Creating Inclusive Content

Creating accessible audio and video media

Accessible audio and video is essential for people with disabilities.

Depending on the content of your media, one or more of the following may be required:

  • Captions/subtitles - a text version of the audio that is shown synchronised in the media player), They are needed on any video with spoken dialogue, or where sound provides contextual meaning.
  • Transcript - a separate text version of the audio
  • Audio description of visual information - an additional audio stream that describes important visual content.

Understanding user needs


  • Many people who are Deaf can read text well. They get the audio information from transcripts or captions. Some people prefer sign language.
  • Some people who are hard of hearing like to listen to the audio to hear what they can, and have captions to fill in what they can't hear adequately.
  • Some people who have difficulty processing auditory information also use captions. Many use transcripts so they can read at their own pace.
  • Some people who are blind or have low vision can't see videos well or at all. They use audio description of visual information to understand what's going on visually.
  • Some people who are Deaf-blind use a screen reader and braille to read descriptive transcripts that include the audio and visual information as text.
  • Some people cannot focus and comprehend auditory or visual information when there are changing visuals. For most videos, they also need descriptive transcripts.
  • Some people cannot use their hands and use voice recognition software to operate their computer, including the media player. And people who are blind need the media player to work without a mouse.
  • Some people use multiple accessibility features simultaneously. For example, someone might want captions, description of visual information as text, and description in audio.

Adding accessibility features: captioning

Refer to the page on Planning Audio and Video Media to understand which accessibility aspects your audio or video needs.

Captioning Support

We have a responsibility to ensure all digital content is accessible. Four different types of captioning support are available for our students:


Captions are displays of text which depict speech in a video. They are typically located at the bottom of a video screen. The purpose of captions is to make video content accessible.

Captions can then be converted and downloaded into transcriptions. Transcription is the speech in a video or audio which is converted into a written, plain text document.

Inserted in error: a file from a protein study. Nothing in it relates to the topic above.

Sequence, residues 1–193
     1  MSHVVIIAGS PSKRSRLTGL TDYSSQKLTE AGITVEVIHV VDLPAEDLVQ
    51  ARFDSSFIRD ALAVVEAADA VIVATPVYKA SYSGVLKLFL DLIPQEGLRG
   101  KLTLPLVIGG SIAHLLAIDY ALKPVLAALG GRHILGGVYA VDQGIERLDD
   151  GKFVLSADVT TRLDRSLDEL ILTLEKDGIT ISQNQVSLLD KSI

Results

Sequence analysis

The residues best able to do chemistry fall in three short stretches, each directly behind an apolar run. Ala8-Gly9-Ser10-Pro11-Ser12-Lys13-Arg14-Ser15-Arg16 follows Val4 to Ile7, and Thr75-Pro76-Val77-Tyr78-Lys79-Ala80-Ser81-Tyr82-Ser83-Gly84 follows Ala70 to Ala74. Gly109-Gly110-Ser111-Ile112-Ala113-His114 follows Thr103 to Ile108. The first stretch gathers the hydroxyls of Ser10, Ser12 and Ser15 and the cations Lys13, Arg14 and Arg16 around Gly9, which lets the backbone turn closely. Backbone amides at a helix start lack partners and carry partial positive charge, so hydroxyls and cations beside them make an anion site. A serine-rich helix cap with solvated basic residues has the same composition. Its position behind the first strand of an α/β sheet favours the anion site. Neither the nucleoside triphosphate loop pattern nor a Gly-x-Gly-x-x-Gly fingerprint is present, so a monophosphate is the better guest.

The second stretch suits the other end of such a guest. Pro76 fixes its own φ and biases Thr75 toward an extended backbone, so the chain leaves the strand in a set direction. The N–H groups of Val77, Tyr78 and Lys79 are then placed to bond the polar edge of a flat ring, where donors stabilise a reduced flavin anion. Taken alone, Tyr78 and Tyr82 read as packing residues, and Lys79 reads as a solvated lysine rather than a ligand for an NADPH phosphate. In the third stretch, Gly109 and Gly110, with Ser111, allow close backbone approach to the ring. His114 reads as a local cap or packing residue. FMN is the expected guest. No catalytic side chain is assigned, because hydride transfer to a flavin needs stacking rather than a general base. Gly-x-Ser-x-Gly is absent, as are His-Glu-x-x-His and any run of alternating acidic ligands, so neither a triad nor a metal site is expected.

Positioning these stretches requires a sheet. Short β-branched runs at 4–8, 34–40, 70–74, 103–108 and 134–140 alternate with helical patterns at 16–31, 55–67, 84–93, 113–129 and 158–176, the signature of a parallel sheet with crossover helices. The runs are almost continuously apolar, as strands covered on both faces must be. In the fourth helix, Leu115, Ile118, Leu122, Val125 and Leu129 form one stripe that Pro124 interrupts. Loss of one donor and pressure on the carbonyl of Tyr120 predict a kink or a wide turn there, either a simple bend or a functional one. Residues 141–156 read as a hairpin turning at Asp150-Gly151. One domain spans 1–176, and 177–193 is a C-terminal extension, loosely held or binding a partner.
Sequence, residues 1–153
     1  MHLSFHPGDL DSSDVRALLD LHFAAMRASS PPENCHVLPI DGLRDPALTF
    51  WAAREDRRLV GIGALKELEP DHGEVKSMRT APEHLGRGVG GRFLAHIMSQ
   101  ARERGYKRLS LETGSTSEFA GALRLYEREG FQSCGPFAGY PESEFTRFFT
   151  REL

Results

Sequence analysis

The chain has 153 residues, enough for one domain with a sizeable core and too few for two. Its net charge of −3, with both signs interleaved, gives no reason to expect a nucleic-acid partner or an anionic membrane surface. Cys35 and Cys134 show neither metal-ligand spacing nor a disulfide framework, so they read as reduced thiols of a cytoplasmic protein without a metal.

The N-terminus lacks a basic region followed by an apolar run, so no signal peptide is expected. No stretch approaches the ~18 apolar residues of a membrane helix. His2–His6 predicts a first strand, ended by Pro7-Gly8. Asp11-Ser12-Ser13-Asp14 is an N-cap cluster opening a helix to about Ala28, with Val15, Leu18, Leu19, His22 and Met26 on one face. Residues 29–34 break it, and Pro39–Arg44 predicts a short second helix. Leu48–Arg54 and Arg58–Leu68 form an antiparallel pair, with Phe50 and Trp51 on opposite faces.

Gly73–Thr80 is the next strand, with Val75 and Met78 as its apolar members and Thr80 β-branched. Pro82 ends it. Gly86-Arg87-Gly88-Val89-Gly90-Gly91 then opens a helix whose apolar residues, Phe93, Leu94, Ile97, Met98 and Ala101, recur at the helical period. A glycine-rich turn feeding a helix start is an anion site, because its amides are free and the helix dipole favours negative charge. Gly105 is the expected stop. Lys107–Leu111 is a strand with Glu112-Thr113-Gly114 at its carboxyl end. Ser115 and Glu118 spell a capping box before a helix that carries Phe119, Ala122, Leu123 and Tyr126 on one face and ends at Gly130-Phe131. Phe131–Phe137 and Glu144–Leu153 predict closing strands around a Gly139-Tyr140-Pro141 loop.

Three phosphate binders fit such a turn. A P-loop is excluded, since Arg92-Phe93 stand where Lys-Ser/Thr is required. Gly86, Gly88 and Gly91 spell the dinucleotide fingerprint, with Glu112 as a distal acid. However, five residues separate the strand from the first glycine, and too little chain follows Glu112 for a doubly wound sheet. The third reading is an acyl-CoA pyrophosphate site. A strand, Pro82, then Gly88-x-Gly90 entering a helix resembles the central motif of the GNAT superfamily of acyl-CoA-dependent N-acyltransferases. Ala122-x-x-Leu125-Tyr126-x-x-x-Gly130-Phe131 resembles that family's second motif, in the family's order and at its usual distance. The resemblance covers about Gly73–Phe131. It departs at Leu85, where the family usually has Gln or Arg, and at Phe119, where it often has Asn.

Captions and transcriptions are beneficial to students who have a disability. This could include:

  • D/deaf or are hard of hearing
  • specific learning difficulties such as dyslexia or Attention Deficit Hyperactivity Disorder (ADHD).

In ADHD, concentration and attention can be an area of difficulty. Captioning can help maintain concentration and transcription allows opportunities to recap to check learning.

Captions and transcriptions can also be useful for students without a disability, such as:

  • students who are watching the digital content in noisy environments
  • those that are in a quiet environment such as a library
  • those who have English as a second language (ESOL)

The four types of captioning that are available at the University of Greenwich are:

  1. Automatic speech recognition (ASR)

    This is available for all students.

    Every video/lecture recording uploaded onto Panopto has machine generated captioning available. This is automatic and is available within 15 minutes of the video being uploaded. Accuracy level is typically between 70-75% depending on the audio quality in the recording.

    Machine generated captioning is available on Microsoft TEAMS videos. Videos need to be uploaded on to Microsoft Stream and selected. Time taken to caption can vary and is dependent on the length of the video. Accuracy of the captioning can be checked and edited if needed.

  2. Accurate Caption via Moodle

    This is available for all students.

    Students are able to request improved captioning if they find that the ASR produced captioning for a specific recording has low accuracy.  A request button is available on Moodle, students click on this and complete a request form. The request then goes to a team of student staff who then manually caption to provide improved and 100% accuracy levels. One request is needed per recording.  The turnaround time for this is 1 week.

  3. Human Captioning via AI Media

    This is for students with a disability, such as D/deaf and hard of hearing or a specific learning difficulty that are registered with the Student Wellbeing Service and have a Greenwich Inclusion Plan in place.

    Working in collaboration with AI Media, 100% accurate human captioning is provided.

    Authorisation will need to be requested from and arranged by the Student Wellbeing Service: Disability and Dyslexia. Authorised academics can request human captioning via Panopto after a recording is uploaded. Turnaround time is 4 days.

  4. Live Captioning

    This is for students with a disability, such as D/deaf and hard of hearing or a specific learning difficulty that are registered with the Student Wellbeing Service and have a Greenwich Inclusion Plan in place.

    The university works in collaboration with AI Media to provide 100% accurate captioning for live sessions. Authorisation and access is arranged by the Student Wellbeing Service: Disability and Dyslexia with liaison with the student and AI Media.

    This is available instantly making live content instantly accessible.

    For further detail, please feel free to contact Student Wellbeing Service on


Useful audio/video accessibility links